PITTSBURGH (KDKA) — A school bus driver shortage is to blame for a cut in bus routes this upcoming school year within the Pittsburgh Public Schools.
A proposal to have some middle school students at two charter schools in the city take public transportation instead of yellow school buses has many parents up in arms.
A closed meeting was held at the school district’s administrative offices Thursday afternoon to address the issue.
Parents say the thought of 11 and 12-year-olds taking public transportation into the city for more than an hour one way is terrifying.
Under state law, school districts are required to provide transportation for students that live within their boundaries and attend charter, private and parochial schools.
“This is not a solution to ask 11, 12, even 13-year-olds, to be able to handle themselves for an hour and up to an hour and 40-minute ride — both ways,” said Heather Samuel, a parent of a middle-schooler at the Environmental Charter School (ECS).
Next year, many city schools will have staggered start times so school bus drivers can do more routes per day. Additionally, if the proposal from school administrators remains, several hundred seventh and eighth graders attending CAPA downtown and ECS in Garfield would ride Port Authority buses instead of school buses.
Jodi Weisfield, another parent of an ECS middle-schooler, says her daughter would have to catch two buses to get to school. The ride, she says, would be over an hour long.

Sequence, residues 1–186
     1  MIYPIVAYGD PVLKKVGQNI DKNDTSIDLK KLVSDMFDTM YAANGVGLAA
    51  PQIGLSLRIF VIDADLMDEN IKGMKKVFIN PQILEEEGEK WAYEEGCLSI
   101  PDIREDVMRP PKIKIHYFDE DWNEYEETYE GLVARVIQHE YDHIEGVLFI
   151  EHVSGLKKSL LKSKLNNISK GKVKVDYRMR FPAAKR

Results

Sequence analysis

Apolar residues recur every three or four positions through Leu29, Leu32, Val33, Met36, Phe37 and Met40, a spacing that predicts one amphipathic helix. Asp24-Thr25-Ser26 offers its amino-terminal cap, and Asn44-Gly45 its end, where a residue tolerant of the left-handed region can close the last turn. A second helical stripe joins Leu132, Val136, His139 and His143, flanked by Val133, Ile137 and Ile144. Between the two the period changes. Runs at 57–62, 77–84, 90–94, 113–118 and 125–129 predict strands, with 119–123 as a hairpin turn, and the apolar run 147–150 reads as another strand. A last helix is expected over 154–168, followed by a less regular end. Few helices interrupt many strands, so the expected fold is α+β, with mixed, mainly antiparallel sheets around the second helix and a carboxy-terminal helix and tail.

“Once she’s downtown, she’d have to walk to the Westin William Penn to the corner of Sixth and Smithfield where she would catch her second bus. And then she would take her second bus to Garfield,” Weisfield said.
Both moms say they’re also worried about crossing streets downtown to catch a transfer, as well as the cold, the dark and cars.
“Cars, legally, they need have to stop when students load and unload the bus,” said Weisfield. “They don’t have to do that for PAT buses. There are so many things that could go wrong.”
And Heather Samuel has an added safety concern.
“There will not be the regular bus driver who looks out for them. My son, specifically, has a medical condition which his bus driver is aware of,” Samuel said. “He has a seizure disorder, which he takes meds for, but he also has a rescue med that if something were to happen, he would be cared for appropriately.”
The Port Authority says they will defer to the school district’s decision. A large group of parents and administrators will take up this issue at a school board meeting Monday night.